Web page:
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Activists call for protection against China on anniversary of ruling on West Philippine Sea

The United States, meanwhile, vowed to preserve “a system where goods, ideas, and people flow freely across land, sky, cyberspace, and the open seas”

Activists called on President Ferdinand Marcos Jr. on Tuesday, July 12, to pursue a “principled foreign policy” by asserting the country’s territorial integrity in the West Philippines Sea.

A group of youth activists held a demonstration outside the Chinese Cultural Consulate in the Philippine capital on Tuesday to assert respect for the landmark 2013 ruling by the Hague-based Permanent Court of Arbitration on the West Philippine Sea.

The decision declared that China’s historic claim over nearly the entire waters as illegal under the 1982 UNCLOS, considered as the constitution of the seas.



The United Nations Convention on the Law of the Sea, also called the Law of the Sea Convention or the Law of the Sea Treaty, is an international agreement that establishes a legal framework for all marine and maritime activities.

China and the Philippines are among the 163 signatory states to the treaty.

The protesters said the ruling provided the Philippines with international and moral recognition of its right to the disputed area.

They “challenged” Marcos “to prove [his] commitment to serving the Filipino people and pursue a principled foreign policy.”

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The groups — Sentro ng mga Nagkakaisa at Progresibong Manggagawa-Youth and Akbayan Youth — called on the president “to take full advantage of our victory at the international level,” noting that the UNCLOS is “an important instrument for asserting our independence that should not be wasted.”

“The Philippine government must never forget that the abandonment of our fellow Filipinos to Chinese imperialist bullying is a betrayal of the Filipino people,” read the statement.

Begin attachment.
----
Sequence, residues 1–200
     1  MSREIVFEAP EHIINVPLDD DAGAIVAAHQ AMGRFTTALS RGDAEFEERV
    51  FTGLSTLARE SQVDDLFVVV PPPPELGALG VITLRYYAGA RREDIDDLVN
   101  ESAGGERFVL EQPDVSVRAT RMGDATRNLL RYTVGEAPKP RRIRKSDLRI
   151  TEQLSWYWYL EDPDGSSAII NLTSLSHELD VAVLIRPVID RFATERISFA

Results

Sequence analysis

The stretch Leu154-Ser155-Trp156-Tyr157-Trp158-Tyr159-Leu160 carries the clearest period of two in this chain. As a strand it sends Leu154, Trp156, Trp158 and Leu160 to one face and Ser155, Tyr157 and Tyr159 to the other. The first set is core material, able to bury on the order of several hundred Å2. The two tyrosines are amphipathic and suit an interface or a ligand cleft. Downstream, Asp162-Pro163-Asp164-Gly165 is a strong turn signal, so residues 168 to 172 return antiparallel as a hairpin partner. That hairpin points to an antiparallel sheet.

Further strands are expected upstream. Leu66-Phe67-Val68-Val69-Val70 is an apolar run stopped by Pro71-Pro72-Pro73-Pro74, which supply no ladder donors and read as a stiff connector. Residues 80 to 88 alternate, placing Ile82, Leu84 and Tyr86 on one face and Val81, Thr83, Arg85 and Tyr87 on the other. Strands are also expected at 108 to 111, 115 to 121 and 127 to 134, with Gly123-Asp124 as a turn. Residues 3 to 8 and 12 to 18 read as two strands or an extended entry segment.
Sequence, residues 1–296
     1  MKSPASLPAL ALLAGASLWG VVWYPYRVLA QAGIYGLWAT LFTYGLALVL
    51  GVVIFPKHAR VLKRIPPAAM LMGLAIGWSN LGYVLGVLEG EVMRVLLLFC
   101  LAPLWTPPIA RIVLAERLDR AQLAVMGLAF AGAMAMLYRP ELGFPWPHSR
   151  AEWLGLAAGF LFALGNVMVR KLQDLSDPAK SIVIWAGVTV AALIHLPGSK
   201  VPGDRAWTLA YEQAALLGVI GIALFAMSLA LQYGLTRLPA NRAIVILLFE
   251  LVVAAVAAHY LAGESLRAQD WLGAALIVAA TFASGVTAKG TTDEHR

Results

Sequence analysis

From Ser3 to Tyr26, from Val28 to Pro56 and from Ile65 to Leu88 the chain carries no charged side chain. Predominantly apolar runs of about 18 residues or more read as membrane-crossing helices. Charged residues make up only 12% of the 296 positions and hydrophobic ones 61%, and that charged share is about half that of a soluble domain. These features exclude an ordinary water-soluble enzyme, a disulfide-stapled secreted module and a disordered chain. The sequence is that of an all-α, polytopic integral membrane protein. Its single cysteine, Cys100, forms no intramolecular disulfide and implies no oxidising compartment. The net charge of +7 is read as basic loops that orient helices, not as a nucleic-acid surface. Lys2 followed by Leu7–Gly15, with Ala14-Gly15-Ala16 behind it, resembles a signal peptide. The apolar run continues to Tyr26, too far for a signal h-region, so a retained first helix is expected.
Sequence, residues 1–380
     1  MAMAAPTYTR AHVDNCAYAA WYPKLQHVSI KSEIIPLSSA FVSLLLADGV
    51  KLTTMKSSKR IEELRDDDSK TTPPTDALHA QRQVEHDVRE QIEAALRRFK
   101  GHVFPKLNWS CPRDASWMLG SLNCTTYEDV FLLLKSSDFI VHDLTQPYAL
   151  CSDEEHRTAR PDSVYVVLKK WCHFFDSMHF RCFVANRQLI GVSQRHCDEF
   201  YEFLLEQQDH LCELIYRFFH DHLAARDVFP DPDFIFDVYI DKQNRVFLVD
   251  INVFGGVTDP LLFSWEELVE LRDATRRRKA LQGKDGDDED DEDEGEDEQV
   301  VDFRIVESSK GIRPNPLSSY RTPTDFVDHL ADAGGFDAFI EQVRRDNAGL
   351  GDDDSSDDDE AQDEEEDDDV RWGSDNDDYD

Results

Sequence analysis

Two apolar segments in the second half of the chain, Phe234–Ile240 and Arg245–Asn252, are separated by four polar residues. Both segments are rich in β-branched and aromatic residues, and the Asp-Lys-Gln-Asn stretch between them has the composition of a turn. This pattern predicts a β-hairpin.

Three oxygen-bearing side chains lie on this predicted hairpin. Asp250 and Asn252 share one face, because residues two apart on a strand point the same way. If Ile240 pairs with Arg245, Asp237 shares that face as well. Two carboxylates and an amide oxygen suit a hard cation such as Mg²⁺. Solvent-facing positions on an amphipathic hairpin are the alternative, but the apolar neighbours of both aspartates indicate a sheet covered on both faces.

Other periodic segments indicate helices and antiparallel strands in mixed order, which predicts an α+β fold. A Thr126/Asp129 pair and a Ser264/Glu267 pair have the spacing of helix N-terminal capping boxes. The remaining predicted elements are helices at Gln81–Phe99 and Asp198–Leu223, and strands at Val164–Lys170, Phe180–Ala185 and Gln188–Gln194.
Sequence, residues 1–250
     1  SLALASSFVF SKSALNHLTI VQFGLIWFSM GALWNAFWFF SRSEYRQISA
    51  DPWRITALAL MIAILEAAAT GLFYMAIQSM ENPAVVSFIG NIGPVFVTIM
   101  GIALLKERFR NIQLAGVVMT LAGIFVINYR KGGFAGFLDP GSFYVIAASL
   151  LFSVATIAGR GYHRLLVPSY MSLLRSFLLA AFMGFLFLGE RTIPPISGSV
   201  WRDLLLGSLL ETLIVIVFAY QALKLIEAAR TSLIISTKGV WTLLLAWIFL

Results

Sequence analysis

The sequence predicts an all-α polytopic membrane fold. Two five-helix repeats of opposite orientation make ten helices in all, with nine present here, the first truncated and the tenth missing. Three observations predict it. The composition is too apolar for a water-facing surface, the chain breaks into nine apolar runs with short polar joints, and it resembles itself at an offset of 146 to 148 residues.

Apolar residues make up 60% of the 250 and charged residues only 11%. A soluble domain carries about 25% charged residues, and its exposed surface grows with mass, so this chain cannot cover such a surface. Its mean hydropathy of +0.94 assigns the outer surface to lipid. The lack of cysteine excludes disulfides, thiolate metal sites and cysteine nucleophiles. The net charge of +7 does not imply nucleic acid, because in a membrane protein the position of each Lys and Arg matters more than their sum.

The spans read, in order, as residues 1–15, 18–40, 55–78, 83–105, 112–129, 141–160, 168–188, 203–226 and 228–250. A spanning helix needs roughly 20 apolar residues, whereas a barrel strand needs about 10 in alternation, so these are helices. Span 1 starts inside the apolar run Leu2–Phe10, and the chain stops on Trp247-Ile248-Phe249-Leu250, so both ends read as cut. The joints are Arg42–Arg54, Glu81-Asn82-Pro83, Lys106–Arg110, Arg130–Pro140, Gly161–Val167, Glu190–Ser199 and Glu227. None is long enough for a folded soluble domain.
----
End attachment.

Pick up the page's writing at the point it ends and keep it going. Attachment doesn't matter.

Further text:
Youth activists hold a demonstration outside the Chinese Cultural Consulate in Makati City to mark the anniversary of the decision of the Hague-based Permanent Court of Arbitration that favored the Philippines’ diplomatic protest against China’s sweeping claims in the West Philippine Sea. (Photo by Jire Carreon)

They said the “acts of aggression” by China in recent years “have also undermined international law, leading to the further militarization of the contested waters.”

“Once again, these developments not only compromise international peace, they also concretely affect our fisherfolk communities in the West Philippine Sea,” said the youth groups.

Earlier, the youth-led West Philippine Sea Coalition also called on Marcos to hold true to his electoral promise to defend the country’s sovereignty and territorial integrity.

In a media briefing on June 11, youth leaders from different schools, communities and trade unions urged the Marcos administration “not to sail in the same direction as the previous administration.”

“There is no unity without sovereignty,” they said, adding that the Filipino youth will hold Marcos to his promises.

The United States, meanwhile, vowed to preserve “a system where goods, ideas, and people flow freely across land, sky, cyberspace, and the open seas” in the region.

In a statement on July 11, US Secretary of State Antony Blinken said the system “benefits all countries, big and small.”

“Preserving a free and open South China Sea governed by international law, as reflected in the 1982 Law of the Sea Convention, is part of this shared vision,” he said.

The US official said the decision of the arbitral tribunal, which was constituted under the 1982 Law of the Sea Convention, “is final and binding” on the Philippines and China.

Youth activists hold a demonstration outside the Chinese Cultural Consulate in Makati City to mark the anniversary of the decision of the Hague-based Permanent Court of Arbitration that favored the Philippines’ diplomatic protest against China’s sweeping claims in the West Philippine Sea. (Photo by Jire Carreon)

Blinken said the tribunal “firmly rejected” China’s “expansive South China Sea maritime claims as having no basis in international law.”

This year, the US State Department released Limits in the Seas No. 150 — the latest study in a series examining coastal state maritime claims and their consistency with international law — which examines China’s revised articulation of its South China Sea maritime claims following the issuance of the tribunal’s ruling.

This study concluded that these re-articulated maritime claims remain plainly “inconsistent with international law.”

The State Department statement said the United States “reaffirms its July 13, 2020, policy regarding maritime claims in the South China Sea.”

“We also reaffirm that an armed attack on Philippine armed forces, public vessels, or aircraft in the South China Sea would invoke U.S. mutual defense commitments under Article IV of the 1951 U.S.-Philippines Mutual Defense Treaty,” it said.

The United States urged China “to abide by its obligations under international law and cease its provocative behavior.”

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